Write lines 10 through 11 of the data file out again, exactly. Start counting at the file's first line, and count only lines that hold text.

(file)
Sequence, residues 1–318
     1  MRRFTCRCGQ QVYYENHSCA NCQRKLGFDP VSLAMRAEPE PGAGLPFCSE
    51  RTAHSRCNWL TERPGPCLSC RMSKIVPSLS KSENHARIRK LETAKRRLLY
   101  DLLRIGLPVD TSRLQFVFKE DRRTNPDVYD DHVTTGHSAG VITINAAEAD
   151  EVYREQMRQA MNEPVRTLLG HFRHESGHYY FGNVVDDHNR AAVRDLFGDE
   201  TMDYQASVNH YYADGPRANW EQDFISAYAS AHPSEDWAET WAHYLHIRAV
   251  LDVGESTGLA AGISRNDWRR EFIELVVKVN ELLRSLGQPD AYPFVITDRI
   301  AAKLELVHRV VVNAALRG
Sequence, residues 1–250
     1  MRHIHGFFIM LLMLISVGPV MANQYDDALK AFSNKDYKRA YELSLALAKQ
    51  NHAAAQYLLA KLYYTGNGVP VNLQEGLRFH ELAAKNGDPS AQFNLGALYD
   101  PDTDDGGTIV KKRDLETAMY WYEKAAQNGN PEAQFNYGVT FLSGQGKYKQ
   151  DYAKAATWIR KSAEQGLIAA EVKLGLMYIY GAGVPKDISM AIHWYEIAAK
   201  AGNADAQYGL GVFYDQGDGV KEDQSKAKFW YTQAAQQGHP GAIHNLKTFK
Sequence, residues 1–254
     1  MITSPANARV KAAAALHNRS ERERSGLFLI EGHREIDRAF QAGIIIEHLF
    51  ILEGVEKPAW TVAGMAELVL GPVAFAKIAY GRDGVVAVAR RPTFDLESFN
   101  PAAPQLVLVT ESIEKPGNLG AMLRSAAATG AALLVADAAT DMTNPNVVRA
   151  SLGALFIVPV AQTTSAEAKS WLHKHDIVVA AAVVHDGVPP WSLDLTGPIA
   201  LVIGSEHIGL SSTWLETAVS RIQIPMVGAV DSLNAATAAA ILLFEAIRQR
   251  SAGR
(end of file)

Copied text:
     1  MRHIHGFFIM LLMLISVGPV MANQYDDALK AFSNKDYKRA YELSLALAKQ
    51  NHAAAQYLLA KLYYTGNGVP VNLQEGLRFH ELAAKNGDPS AQFNLGALYD